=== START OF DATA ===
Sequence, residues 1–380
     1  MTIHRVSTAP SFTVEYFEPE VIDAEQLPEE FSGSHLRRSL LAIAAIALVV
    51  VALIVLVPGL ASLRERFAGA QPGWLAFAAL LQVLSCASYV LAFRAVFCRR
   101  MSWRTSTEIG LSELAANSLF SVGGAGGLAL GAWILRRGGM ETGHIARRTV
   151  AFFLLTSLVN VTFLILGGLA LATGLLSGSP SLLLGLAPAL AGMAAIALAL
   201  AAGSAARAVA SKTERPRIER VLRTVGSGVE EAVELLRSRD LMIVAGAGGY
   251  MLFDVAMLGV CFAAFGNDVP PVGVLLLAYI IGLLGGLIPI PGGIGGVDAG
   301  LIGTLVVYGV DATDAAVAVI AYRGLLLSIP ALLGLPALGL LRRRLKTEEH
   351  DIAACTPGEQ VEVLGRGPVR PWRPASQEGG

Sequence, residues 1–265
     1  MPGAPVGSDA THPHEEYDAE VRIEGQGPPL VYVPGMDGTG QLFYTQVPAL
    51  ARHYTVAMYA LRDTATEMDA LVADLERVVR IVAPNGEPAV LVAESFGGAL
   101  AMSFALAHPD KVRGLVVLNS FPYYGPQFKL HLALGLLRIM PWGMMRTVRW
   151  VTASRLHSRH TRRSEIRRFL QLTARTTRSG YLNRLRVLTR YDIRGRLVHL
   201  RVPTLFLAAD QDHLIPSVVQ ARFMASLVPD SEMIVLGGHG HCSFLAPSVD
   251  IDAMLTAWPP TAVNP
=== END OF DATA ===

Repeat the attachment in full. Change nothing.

Sequence, residues 1–380
     1  MTIHRVSTAP SFTVEYFEPE VIDAEQLPEE FSGSHLRRSL LAIAAIALVV
    51  VALIVLVPGL ASLRERFAGA QPGWLAFAAL LQVLSCASYV LAFRAVFCRR
   101  MSWRTSTEIG LSELAANSLF SVGGAGGLAL GAWILRRGGM ETGHIARRTV
   151  AFFLLTSLVN VTFLILGGLA LATGLLSGSP SLLLGLAPAL AGMAAIALAL
   201  AAGSAARAVA SKTERPRIER VLRTVGSGVE EAVELLRSRD LMIVAGAGGY
   251  MLFDVAMLGV CFAAFGNDVP PVGVLLLAYI IGLLGGLIPI PGGIGGVDAG
   301  LIGTLVVYGV DATDAAVAVI AYRGLLLSIP ALLGLPALGL LRRRLKTEEH
   351  DIAACTPGEQ VEVLGRGPVR PWRPASQEGG

Sequence, residues 1–265
     1  MPGAPVGSDA THPHEEYDAE VRIEGQGPPL VYVPGMDGTG QLFYTQVPAL
    51  ARHYTVAMYA LRDTATEMDA LVADLERVVR IVAPNGEPAV LVAESFGGAL
   101  AMSFALAHPD KVRGLVVLNS FPYYGPQFKL HLALGLLRIM PWGMMRTVRW
   151  VTASRLHSRH TRRSEIRRFL QLTARTTRSG YLNRLRVLTR YDIRGRLVHL
   201  RVPTLFLAAD QDHLIPSVVQ ARFMASLVPD SEMIVLGGHG HCSFLAPSVD
   251  IDAMLTAWPP TAVNP